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Fekete's Arbitrage Fallacy

This essay analyzes the definition and the use of the notion "arbitrage" in Antal E. Fekete's writings and comes to the conclusion that they are flawed and misleading. For instance, Fekete and his followers have repeatedly stated that backwardation in gold forward contracts should theoretically be impossible as this constituted an arbitrage opportunity. However, this statement is wrong under the generally accepted definition of arbitrage, as well as it is wrong under Fekete's own version of the notion. Whether and how much the problematic definition affects other parts of Fekete's work in economics, is not a topic of this article. However, this essay should serve as a warning to investors and researchers who rely on the writings of Fekete or his fellow "New Austrians" - particularly also with regards to the gold basis -, that not all is right in Fekete's theories.

In his essays touching on arbitrage in general and on backwardation in gold in particular, Antal E. Fekete has done something which is not very obvious to the untrained eye, but therefore possibly even more confusing and dangerous. His mistake is akin to someone who has decided that the notion of "gold" was too narrow when only used for actual gold, so, to generalize and broaden the concept, any other metal should be called "gold" as well. I assume the reader would agree that this would be a bad idea and might lead to confusion and a series of wrong conclusions as well. For instance - and Fekete does something very similar which will be explained below - one could now be tempted to claim that, since it had always been so, all "gold" should be yellow metal. But because some of the new "gold" apparently was not yellow, this was a sign of something in the "gold" market being foul. To be more specific, Fekete has abused the notion of "arbitrage" in his work on Austrian and "New Austrian" economics. In mathematical finance, "arbitrage" has a well-known and very precise meaning, which says, that it is a trading strategy that outperforms the risk-free rate of interest. In other words, arbitrage is a trade or strategy that is too good to be true. At some stage (references follow below), however, Fekete seems to have decided that any(!) other economic transaction constituted an "arbitrage" as well. So, drawing the comparison to our example, any other metal suddenly became "gold", too. Where this logic finally had to go wrong, will be explained in the remainder.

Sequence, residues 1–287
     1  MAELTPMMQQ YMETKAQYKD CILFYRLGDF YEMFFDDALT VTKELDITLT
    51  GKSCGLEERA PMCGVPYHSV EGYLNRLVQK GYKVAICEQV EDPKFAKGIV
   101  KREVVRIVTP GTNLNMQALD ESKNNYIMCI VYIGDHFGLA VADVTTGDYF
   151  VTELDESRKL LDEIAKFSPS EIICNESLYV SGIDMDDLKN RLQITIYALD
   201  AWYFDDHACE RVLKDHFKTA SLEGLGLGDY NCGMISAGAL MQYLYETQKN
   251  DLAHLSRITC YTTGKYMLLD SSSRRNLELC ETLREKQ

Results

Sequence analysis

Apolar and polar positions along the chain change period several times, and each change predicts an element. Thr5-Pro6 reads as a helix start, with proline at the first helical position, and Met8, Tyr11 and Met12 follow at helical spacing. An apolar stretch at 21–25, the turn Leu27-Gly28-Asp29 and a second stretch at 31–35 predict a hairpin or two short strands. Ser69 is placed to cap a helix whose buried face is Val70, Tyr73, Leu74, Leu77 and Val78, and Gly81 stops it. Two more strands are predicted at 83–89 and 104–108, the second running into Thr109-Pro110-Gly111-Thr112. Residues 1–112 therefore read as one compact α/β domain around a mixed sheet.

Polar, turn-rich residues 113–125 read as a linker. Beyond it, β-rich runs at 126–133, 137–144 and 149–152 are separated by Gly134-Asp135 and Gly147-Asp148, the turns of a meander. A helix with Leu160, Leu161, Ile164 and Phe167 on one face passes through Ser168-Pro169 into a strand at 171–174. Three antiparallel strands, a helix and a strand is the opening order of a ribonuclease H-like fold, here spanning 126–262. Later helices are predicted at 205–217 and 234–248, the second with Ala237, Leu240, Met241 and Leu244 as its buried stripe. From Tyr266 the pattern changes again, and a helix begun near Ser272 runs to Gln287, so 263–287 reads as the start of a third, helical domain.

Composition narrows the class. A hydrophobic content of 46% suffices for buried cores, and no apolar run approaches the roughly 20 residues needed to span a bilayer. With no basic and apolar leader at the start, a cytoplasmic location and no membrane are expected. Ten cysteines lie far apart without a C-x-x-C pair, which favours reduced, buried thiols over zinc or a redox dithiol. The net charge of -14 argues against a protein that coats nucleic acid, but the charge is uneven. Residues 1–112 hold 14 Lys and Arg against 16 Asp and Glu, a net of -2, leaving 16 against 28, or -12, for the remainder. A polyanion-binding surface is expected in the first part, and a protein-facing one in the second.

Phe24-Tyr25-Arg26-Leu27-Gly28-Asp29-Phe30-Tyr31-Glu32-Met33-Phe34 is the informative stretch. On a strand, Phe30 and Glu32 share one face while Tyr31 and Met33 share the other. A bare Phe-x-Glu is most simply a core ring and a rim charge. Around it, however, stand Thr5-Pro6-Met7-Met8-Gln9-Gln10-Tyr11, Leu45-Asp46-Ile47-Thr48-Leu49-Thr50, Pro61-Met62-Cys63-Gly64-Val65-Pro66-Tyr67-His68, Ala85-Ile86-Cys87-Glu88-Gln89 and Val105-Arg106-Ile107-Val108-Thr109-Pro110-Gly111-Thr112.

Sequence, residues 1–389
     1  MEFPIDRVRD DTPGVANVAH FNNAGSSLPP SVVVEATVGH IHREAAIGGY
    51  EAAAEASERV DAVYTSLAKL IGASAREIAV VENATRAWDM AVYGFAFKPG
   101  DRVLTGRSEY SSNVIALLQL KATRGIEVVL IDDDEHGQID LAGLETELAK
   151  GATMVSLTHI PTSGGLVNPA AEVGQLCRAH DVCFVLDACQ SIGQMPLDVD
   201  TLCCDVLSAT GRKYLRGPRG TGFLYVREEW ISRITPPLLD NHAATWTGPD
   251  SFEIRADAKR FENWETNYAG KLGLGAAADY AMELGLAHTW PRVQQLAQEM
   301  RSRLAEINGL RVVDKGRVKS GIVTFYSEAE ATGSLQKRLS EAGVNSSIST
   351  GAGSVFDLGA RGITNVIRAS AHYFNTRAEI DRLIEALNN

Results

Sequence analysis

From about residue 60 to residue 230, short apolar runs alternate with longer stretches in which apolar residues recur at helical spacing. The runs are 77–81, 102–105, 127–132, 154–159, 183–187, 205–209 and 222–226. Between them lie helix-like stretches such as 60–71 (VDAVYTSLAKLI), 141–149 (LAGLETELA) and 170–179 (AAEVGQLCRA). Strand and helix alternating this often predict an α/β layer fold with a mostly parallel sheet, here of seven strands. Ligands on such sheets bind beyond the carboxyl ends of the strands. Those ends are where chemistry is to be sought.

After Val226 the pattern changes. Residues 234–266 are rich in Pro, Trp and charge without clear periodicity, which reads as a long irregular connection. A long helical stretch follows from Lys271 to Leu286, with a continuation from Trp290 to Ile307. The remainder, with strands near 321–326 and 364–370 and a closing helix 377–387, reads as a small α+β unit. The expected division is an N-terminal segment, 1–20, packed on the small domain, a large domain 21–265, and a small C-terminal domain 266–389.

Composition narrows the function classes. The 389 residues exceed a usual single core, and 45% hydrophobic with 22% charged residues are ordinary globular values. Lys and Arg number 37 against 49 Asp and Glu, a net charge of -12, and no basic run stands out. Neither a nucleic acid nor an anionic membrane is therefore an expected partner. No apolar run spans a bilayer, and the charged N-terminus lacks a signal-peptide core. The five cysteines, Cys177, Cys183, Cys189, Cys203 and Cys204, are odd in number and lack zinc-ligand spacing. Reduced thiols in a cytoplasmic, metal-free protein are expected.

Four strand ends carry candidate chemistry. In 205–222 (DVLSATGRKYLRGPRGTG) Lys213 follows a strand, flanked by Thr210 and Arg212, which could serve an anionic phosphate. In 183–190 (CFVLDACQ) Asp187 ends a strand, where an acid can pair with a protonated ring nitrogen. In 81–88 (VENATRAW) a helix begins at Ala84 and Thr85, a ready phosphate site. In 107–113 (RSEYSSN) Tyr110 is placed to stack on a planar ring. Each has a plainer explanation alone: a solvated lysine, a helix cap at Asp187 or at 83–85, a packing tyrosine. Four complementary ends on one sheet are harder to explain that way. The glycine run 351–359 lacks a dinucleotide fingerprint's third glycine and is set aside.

Arbitrage: "money out of nothing"